It gives me pleasure to offer to the users the Second Edition of 'Desk-Book on Devanagari Script' under the project of Hindi Primers for foreigners. The project envisages publication of a series of Hindi Primers for foreigners through the medium of English. The four parts of Hindi Primer, covering a course from elementary to Matriculation standard, is being brought out separately in a single volume. The present book is an accompaniment of the proposed volume and deals with the writing aspect of the course.
The Primers are designed particularly to suit the requirements of the visiting foreigners seeking to acquire functional or advance knowledge of Hindi for practical and conversational purposes, though non-Hindi knowing Indians desiring to learn Hindi through the medium of English will also find them equally useful. Based on the modern linguistic and teaching techniques, the Primer will serve both as a self-taught and a class-room text-book.
The present Desk-Book on Script is intended to serve as a writing Devanagari has been explained with the help of arrows and dots, and adequate blank space has been provided against each item for writing practice. Letters are arranged mostly according to the similarity of shape and ease in writing. The individual letters are introduced in nine lessons with reading and writing exercises. The tenth lesson gives a summary table of symbols and additional information.
I hope the present book will cater to a very significant need to learners of Hindi in the country and abroad.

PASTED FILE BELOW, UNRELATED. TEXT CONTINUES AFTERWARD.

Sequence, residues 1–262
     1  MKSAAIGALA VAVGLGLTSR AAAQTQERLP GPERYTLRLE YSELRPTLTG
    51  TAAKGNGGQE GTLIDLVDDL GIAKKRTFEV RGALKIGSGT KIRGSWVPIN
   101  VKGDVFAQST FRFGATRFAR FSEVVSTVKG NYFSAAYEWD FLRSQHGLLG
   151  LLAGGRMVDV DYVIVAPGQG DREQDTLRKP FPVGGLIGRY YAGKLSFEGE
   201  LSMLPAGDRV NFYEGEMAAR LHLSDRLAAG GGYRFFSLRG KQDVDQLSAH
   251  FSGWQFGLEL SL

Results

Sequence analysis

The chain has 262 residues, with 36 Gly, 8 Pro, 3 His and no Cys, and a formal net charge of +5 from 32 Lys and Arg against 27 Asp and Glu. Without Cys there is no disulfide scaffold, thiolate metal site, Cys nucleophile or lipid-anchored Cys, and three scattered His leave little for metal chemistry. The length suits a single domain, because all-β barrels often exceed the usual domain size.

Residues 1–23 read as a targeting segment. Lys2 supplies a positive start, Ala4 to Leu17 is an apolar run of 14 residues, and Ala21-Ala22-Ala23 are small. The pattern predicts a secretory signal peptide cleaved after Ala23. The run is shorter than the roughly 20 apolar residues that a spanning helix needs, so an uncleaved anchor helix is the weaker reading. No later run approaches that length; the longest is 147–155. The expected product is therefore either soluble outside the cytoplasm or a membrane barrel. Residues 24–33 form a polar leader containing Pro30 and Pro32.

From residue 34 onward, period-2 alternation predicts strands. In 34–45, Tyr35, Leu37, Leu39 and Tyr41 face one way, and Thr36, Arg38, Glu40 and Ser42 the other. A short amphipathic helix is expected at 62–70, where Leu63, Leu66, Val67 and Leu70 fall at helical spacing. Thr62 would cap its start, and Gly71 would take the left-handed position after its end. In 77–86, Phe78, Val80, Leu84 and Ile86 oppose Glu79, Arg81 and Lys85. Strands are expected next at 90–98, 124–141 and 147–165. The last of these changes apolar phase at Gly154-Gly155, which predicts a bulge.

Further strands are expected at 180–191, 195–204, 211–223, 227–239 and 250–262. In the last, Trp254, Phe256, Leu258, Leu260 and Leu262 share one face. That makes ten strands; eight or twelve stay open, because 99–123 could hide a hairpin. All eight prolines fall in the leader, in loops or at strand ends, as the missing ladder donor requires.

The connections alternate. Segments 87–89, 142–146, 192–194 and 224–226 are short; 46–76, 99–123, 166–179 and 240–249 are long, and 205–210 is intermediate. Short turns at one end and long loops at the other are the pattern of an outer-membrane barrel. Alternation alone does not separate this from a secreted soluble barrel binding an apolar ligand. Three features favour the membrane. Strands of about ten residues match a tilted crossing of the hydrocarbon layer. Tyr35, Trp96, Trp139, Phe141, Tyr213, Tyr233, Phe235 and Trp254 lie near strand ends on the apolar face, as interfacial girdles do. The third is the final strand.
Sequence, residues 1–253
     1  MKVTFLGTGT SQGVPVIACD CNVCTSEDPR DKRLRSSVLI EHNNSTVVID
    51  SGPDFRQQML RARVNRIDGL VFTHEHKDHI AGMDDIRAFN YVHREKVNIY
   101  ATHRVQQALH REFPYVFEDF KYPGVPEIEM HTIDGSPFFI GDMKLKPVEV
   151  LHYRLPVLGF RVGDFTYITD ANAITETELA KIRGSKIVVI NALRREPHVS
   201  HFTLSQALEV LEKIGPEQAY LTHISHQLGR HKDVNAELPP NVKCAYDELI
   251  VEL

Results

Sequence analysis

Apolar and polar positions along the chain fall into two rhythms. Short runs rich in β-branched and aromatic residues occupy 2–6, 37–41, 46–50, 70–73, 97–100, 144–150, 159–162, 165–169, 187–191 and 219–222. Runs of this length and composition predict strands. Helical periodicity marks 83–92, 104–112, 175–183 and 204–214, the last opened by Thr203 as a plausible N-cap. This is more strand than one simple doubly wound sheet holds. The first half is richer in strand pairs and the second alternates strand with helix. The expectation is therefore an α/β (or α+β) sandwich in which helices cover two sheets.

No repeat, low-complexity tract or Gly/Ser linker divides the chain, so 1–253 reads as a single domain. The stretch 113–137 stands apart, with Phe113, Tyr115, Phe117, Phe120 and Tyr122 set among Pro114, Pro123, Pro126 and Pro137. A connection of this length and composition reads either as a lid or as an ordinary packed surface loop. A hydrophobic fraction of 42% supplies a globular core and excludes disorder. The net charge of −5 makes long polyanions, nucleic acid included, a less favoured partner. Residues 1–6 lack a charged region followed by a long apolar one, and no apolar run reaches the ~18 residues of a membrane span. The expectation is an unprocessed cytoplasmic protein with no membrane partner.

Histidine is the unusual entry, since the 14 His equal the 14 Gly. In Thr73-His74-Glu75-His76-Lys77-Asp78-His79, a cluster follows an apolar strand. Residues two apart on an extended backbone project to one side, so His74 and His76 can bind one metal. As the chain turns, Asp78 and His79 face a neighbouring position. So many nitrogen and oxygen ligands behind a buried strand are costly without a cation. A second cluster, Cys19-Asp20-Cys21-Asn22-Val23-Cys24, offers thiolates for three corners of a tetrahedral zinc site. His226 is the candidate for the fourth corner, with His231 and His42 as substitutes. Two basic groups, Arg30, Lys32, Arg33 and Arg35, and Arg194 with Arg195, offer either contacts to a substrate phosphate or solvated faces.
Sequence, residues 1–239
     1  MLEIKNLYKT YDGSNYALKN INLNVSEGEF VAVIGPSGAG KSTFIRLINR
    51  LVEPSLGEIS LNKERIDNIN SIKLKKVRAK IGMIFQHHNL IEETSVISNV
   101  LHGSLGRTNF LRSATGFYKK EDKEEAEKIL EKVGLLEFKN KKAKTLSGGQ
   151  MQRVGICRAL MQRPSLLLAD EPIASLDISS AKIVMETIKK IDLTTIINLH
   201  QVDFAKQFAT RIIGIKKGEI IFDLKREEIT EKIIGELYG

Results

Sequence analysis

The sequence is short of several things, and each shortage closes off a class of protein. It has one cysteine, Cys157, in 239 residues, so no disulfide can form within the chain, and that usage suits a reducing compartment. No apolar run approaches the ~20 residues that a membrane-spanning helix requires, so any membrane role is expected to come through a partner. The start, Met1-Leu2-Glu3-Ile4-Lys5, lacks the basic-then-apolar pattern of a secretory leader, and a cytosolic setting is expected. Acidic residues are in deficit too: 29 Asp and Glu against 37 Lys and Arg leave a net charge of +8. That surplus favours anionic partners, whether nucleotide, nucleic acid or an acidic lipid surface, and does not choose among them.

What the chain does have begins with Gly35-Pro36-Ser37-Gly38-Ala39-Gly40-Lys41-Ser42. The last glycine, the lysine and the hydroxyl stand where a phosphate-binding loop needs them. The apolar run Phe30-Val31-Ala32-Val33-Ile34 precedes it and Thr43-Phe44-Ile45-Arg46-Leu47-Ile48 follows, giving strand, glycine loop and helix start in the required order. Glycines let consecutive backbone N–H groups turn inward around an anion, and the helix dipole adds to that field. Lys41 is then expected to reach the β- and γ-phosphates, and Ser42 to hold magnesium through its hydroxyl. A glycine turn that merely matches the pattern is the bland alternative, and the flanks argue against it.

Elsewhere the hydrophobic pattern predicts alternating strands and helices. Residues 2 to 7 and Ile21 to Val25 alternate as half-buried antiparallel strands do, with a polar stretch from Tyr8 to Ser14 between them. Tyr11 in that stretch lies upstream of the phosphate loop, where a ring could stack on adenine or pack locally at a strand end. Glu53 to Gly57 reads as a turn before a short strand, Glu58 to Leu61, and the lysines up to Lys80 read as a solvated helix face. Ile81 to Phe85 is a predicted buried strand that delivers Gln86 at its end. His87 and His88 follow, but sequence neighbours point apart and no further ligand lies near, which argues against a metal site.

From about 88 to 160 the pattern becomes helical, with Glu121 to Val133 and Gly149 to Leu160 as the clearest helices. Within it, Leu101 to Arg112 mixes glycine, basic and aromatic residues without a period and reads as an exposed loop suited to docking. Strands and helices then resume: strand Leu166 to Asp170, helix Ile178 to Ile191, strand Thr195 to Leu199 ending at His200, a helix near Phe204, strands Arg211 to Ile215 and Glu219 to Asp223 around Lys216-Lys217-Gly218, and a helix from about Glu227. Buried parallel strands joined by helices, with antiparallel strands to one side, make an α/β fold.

Hindi is written in Devanagari, a script evolved from the Brahmi Script and written with characters usually aligned below the line of writing. It runs from left to right. It contains main symbols for consonants and vowels, and a few subsidiary symbols indicating nasalization, halant (lack of vowel sound), visarga (a weak aspiration) etc. Post-consonantal vowels are shown by subsidiary symbols called matras.
The individual letters are introduced in nine lessons with reading and writing exercise. Enough blank-space is given against each item for writing practice. Letters are arranged according to the similarity of shape and ease in writing. The tenth lesson gives a Summary Table of symbols and additional remarks on them.
The mode of writing suggested in the present Desk-Book is intended for the beginners keeping in view the requirements particularly of foreigners who are used to a script written above the line. Devanagari is written below the headline drawn over each letter. For practice in the initial stage the student has been recommended to draw the headline before writing a letter so that he is able to set his hand to correct and balanced shaping of letters. But soon after as he gains adequate practice in shaping the letters neatly and is able to switch over to fluent writing he is advised to draw the headline after writing the letters of a word. The mode of writing to be followed at this stage has been shown in the chart appended to the book at the end. Students used to an Indian script written below the headline or having initial practice of writing Devanagari script are, however, advised to adopt straightway the mode of writing shown in the chart.
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